Pediatric rheumatology — one of the most vibrant and productive communities in the specialty — has several presentations at the Annual Meeting, but the best of the best are gathered in a single session, Pediatric Rheumatology Year in Review & Awards, from 1:00 – 2:00 pm Sunday in Room 25 A.
“This is the highest-impact session of the entire year for pediatric rheumatologists,” said Natasha M. Ruth, MD, MS, Associate Professor and Chief of Pediatric Rheumatology at the Medical University of South Carolina. “Whether you are a basic researcher, or involved in translational or clinical research, this is the one must-attend hour in all of ACR.”
Dr. Ruth will present the annual awards in pediatric rheumatology, including the James T. Cassidy Award from the AAP Section on Rheumatology that recognizes an individual for outstanding achievement in pediatric rheumatology. The rest of the session will be devoted to the Year in Review presentations.
Every advance in rheumatology begins with basic research. And while there have been dozens of insightful and scientifically sound studies published in the past year, a handful are likely to have the greatest impact on future research and, eventually, on clinical practice.
“Genetic susceptibility has been a key theme in basic research this past year,” said Robert Colbert, MD, PhD, Senior Investigator in the Pediatric Translational Research Branch of the National Institute of Arthritis and Musculoskeletal and Skin Diseases. “Two important areas are genetic susceptibility in juvenile arthritis (JA) and new data implicating a specific gene, NLRP1, in autoinflammatory disease of the skin and the joints.”
Three new papers provide strong hints to some of the answers to long-standing questions about genetic overlap in different forms of JA. Data from an international consortium suggests that systemic JIA is genetically distinct from other forms of JA, while another paper suggests that polyarticular JA and oligoarticular JA share more similarities than differences at the genetic level. These two forms of arthritis, which appear to be unique to childhood, also share several regions of genetic susceptibility that have not been previously reported for other autoimmune diseases.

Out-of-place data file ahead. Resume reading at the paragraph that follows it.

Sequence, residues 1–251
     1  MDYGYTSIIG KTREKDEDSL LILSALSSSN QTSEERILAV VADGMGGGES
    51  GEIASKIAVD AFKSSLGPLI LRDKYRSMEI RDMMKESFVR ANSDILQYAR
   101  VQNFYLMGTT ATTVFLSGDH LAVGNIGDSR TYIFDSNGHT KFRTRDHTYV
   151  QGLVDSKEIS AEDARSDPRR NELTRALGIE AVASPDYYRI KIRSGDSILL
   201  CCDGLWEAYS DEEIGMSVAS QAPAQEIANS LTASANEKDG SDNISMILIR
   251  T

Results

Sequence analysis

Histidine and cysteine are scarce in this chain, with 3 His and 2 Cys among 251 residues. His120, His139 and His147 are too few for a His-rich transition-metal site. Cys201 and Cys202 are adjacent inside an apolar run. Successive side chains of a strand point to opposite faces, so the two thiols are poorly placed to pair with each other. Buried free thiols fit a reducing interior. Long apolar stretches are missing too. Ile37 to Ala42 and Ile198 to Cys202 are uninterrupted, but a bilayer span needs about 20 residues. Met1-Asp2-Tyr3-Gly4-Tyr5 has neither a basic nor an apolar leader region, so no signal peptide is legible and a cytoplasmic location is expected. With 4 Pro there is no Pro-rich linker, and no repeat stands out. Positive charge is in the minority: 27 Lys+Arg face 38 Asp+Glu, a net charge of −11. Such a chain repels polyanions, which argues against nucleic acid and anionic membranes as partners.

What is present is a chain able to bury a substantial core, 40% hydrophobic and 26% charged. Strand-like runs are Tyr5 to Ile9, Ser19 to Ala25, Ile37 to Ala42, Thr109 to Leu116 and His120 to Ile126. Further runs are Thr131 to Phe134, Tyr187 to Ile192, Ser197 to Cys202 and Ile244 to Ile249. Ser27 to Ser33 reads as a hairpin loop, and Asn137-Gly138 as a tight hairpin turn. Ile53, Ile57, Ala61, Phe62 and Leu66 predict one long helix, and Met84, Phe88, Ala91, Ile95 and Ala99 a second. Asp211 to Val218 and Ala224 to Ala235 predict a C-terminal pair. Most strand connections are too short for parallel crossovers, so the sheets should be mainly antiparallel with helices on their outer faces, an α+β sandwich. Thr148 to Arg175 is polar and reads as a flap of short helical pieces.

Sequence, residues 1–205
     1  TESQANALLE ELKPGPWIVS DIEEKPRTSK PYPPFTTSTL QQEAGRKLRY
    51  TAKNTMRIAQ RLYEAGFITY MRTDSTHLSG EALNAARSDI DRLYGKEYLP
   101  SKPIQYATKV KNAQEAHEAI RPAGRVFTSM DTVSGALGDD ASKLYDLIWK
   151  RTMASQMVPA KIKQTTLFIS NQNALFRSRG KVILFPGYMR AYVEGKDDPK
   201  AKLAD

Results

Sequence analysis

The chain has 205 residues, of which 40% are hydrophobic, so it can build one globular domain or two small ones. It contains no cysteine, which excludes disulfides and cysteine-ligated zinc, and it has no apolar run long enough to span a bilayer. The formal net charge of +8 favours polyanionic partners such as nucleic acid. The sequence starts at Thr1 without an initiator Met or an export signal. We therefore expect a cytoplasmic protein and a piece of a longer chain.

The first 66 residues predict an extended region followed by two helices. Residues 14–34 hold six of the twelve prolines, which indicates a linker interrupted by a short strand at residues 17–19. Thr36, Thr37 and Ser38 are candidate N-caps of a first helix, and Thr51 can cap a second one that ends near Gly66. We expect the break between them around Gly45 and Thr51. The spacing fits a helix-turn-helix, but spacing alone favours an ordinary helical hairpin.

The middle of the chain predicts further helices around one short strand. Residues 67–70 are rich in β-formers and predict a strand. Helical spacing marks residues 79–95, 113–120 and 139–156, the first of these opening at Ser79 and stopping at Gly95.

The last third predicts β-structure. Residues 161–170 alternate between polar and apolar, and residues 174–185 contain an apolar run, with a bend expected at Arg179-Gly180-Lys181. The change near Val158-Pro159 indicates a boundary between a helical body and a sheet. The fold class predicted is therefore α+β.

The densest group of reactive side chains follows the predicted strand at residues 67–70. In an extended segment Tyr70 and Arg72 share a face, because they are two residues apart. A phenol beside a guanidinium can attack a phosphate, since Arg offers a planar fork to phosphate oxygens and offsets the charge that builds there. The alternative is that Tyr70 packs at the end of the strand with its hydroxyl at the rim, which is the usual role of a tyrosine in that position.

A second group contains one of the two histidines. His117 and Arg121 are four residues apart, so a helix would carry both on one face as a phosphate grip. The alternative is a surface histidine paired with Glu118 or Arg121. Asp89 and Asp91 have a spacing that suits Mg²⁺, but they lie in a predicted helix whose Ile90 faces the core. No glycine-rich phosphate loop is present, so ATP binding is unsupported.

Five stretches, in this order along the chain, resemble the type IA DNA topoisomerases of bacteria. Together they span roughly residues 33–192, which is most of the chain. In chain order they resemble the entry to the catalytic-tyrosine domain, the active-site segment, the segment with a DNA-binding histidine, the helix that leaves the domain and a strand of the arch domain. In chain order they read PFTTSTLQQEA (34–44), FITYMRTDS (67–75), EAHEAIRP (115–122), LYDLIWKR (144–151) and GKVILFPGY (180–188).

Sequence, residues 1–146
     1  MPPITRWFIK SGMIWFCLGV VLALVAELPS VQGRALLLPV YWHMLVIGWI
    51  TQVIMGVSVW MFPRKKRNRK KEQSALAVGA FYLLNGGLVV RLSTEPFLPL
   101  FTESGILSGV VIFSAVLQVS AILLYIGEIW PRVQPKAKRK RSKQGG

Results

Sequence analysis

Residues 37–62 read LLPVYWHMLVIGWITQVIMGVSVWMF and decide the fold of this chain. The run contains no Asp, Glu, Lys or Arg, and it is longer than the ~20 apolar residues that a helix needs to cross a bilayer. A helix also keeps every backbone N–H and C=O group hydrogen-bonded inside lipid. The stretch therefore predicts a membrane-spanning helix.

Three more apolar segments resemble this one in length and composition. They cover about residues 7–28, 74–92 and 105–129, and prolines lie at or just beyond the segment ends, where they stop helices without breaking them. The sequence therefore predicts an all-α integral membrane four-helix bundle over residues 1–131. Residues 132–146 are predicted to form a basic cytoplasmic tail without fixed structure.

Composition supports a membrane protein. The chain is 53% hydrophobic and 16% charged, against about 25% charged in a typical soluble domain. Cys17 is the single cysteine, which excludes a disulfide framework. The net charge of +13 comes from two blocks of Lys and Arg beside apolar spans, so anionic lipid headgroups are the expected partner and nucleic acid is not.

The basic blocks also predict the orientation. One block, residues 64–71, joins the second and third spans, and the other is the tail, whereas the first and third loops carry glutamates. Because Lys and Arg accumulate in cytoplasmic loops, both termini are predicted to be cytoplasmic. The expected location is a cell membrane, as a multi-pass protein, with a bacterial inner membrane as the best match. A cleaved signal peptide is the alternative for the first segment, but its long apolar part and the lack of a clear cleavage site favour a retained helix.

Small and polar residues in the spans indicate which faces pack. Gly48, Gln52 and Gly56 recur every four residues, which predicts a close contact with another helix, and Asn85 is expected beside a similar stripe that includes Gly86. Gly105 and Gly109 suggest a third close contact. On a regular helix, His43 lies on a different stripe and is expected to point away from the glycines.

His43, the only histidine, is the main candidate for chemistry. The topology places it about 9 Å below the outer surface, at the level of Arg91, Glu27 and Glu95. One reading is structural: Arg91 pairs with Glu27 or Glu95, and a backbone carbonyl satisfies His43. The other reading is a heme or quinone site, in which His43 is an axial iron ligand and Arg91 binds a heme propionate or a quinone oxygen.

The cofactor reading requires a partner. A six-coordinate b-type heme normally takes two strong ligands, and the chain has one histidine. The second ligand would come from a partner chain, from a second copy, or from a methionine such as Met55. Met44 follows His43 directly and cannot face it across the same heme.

A third area of intense interest is the microbiome.
“It is very clear that the microbiota, in particular the bacteria that reside in our mouth, in our gut, and on our skin, are involved in many different immune-mediated and autoimmune diseases,” Dr. Colbert said. “What has been puzzling for a number of years is that the number of bacteria on the surface of the eye is one-thousand to one-million fold lower than in other mucosal and conjunctival areas such as the saliva. It has not been clear whether there even is an ocular microbiome and whether it plays a role in the normal immune and physiological state of the eye. The answer appears to be yes on all counts.”
A recent mouse study confirmed the presence of a specific Corynebacterium that resides on the surface of the eye and appears to protect the eye from infection with Pseudomonas, Candida, and other potential ocular infections.
“The mice were protected by the induction of IL-17, coming from a specific population of T cells that are particularly important for recruiting neutrophils to dispose of intruding bacteria,” Dr. Colbert said. “Researchers are going to be looking more and more at the ocular microbiome as a part of the picture of uveitis and inflammatory eye disease.”
Timothy Beukelman, MD, Associate Professor of Pediatrics at the University of Alabama at Birmingham, will present the most impactful and insightful research papers in clinical research. He was the lead author for the 2011 “ACR Recommendations for the Treatment of JIA.”
Lucy Wedderburn, Professor in Paediatric Rheumatology at University College London Institute of Child Health and a consultant at Great Ormond Street Hospital, London, will present the best of the year’s translational research.